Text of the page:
A day in the life of service employees

Hospital managers see work world from different viewpoint

March 16, 2001|By Andrea K. Walker | Andrea K. Walker,SUN STAFF

Yesterday wasn't a normal day for Jim Hursey.

The corporate director of business development at Greater Baltimore Medical Center traded his suit and tie for Dockers and loafers. He put aside his budget-balancing duties to restock linens and medical supplies.

"I feel like I'm at home folding clothes with my wife," Hursey said as he counted towels in the High Risk Obstetrics Unit.

As workers picketed GBMC, Sinai Hospital and Johns Hopkins Hospital yesterday, top executives and managers like Hursey kept things running by filling in for the absent workers.

This is the second one-day strike staged by District 1199E-DC of the Service Employees International Union, which is negotiating on behalf of 2,500 workers for better wages and benefits. The union represents patient-care aides and workers in housekeeping, maintenance and food service departments.

In most cases the workers don't have direct contact with patients, but if their duties go unfilled it affects sanitary conditions and patient care.

The three hospitals prepared in advance for the strike, lining up volunteers and fill-in workers and training them for their new duties. GBMC brought in 25 extra volunteers and 150 executive and other employees from their normal duties. At Sinai, 250 volunteers and in-house workers filled in. Johns Hopkins hadn't calculated those numbers yesterday evening.

People accustomed to desks and computers found themselves cleaning toilets and mopping floors. At GBMC, some employees didn't recognize Lawrence Merlis, president and chief executive officer, clearing off cafeteria tables.

And then there was Hursey, whose day started at 7 a.m. at the loading dock, hauling linens and medical supplies off trucks and onto carts. After loading them, Hursey pushed the heavy carts from department to department filling shelves with blankets, sheets, syringes and gauze.

"I'm going to feel this tomorrow," he said, anticipating aching muscles. "Unfortunately I'm not in as good as shape as I'd like to be."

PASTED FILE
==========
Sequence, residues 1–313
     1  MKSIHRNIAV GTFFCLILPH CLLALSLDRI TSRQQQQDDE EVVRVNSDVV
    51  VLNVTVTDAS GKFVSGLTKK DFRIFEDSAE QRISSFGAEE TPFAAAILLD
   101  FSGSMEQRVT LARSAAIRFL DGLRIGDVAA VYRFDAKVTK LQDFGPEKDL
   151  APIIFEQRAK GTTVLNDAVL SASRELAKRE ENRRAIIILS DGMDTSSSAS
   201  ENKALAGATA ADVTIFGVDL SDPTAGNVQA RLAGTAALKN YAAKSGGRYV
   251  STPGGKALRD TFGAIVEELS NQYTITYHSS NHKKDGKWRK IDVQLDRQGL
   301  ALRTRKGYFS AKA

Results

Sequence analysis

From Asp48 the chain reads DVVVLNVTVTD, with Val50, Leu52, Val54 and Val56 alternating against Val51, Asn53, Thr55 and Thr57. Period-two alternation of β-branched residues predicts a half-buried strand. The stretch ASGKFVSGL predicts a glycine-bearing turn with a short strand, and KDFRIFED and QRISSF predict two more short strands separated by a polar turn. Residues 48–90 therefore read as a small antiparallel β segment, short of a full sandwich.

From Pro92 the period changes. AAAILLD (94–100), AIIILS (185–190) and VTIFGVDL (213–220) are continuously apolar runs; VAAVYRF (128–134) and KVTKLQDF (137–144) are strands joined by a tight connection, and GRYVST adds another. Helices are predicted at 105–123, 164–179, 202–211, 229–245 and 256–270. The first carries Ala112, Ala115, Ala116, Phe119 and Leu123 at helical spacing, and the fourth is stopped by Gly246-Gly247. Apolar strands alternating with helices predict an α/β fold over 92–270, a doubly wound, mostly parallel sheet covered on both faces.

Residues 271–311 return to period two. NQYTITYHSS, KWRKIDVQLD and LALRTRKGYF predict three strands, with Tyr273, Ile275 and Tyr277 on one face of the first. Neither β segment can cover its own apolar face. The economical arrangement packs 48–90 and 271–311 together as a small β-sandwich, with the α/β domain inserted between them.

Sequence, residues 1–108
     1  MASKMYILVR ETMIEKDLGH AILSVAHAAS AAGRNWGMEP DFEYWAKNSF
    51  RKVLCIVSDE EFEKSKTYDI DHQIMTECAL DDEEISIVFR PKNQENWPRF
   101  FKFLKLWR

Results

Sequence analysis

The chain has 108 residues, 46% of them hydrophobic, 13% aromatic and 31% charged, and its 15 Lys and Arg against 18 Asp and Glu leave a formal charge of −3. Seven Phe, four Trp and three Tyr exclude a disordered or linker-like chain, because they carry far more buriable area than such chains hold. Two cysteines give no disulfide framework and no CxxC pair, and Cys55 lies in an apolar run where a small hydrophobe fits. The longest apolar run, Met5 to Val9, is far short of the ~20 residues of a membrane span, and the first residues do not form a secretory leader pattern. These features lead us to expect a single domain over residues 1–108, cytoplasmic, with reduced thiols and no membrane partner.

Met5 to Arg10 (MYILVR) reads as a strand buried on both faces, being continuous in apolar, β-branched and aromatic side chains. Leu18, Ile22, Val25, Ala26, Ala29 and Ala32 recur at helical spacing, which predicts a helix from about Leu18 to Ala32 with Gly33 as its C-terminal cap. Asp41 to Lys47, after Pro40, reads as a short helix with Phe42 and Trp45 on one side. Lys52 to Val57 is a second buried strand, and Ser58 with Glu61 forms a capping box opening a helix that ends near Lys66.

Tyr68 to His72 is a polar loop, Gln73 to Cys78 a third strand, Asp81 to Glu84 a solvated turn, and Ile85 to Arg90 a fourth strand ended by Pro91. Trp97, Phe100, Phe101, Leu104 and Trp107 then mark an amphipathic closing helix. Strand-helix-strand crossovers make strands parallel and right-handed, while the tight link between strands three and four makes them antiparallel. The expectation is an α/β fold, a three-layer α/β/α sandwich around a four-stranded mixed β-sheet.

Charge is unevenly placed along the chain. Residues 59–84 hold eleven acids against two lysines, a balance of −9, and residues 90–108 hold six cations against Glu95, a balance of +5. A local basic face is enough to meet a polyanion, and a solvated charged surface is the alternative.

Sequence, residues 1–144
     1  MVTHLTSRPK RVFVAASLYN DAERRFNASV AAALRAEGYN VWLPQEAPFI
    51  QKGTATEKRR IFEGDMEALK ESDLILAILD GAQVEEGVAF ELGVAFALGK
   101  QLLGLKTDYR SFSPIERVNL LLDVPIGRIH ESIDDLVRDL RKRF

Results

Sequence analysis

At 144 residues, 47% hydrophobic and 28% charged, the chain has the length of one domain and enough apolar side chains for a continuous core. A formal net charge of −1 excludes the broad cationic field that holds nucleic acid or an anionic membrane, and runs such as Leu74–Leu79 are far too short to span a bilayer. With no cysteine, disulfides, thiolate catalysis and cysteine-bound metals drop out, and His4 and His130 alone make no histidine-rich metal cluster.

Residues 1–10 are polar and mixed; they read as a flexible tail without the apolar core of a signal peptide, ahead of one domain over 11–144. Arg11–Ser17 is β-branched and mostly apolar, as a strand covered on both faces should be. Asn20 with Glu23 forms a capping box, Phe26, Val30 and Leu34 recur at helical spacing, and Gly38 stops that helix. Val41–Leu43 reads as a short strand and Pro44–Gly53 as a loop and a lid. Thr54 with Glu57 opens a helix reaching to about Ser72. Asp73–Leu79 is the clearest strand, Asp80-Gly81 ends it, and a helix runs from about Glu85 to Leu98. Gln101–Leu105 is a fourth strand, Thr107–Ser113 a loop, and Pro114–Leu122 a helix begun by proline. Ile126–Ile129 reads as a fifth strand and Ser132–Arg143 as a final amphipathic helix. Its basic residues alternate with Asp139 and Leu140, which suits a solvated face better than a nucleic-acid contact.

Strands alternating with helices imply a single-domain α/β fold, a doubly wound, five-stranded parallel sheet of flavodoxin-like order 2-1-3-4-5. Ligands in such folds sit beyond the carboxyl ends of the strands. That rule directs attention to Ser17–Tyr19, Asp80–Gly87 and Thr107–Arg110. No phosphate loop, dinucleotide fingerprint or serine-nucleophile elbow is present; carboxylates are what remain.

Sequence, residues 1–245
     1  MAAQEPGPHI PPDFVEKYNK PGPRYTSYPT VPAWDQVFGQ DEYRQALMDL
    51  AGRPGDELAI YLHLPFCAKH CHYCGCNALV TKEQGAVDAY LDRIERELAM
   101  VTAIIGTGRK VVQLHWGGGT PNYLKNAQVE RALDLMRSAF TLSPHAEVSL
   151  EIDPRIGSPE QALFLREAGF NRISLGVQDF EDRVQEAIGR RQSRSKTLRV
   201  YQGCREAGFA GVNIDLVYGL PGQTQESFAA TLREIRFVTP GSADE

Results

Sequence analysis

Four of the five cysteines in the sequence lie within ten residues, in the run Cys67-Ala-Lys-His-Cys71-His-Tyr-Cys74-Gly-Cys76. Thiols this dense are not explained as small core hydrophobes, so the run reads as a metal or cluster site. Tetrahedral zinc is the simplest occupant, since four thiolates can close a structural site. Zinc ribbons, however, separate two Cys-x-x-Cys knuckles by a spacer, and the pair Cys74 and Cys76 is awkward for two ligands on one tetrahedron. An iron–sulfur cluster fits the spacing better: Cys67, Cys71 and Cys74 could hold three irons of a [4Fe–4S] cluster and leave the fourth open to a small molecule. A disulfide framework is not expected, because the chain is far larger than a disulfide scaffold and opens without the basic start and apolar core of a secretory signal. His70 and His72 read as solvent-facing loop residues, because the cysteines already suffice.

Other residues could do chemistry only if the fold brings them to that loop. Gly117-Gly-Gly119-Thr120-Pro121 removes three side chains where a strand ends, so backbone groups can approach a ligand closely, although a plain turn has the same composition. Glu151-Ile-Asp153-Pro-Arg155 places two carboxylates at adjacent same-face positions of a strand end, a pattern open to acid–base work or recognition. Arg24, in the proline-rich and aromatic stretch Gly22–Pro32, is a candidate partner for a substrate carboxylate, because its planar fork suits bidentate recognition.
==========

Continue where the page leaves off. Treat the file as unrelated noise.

By 11 a.m. things slowed down and Hursey shifted from delivery to inventory. He counted every towel and blanket in specific departments. Later, someone else will type the numbers into an automated system to be used later for stock orders.

"I'm a little slow," he laughed as nurses rushed in and out grabbing towels.

Hospital officials said that filling in for striking workers was easier yesterday than the last time because many workers were assigned to the same jobs. More of the union workers also stayed away from the picket lines.

"We have not gotten to the point yet where our executive level is out there slinging hash," said Gary Stephenson, a spokesman for Johns Hopkins. "The best way to run the hospital is for them to do what they do best."

Executives who filled in pointed out some of the benefits of their temporary jobs. Scrubs and tennis shoes, for instance, are more comfortable than business suits and heels. They also learned about a different part of the hospital.

"By walking in their shoes and doing their jobs we understand more of their issues," said Debbie Doyle, the vice president of nursing, who was cleaning bathrooms for the day.

Hursey said that the striking workers are essential to the hospital and that the negotiations with the union are being done in good faith. He doesn't mind the extra work too much, but one day every now and then is enough for him.

"It's a little more complicated than I thought it was," he said. "I'm looking forward to our fellow workers coming back."

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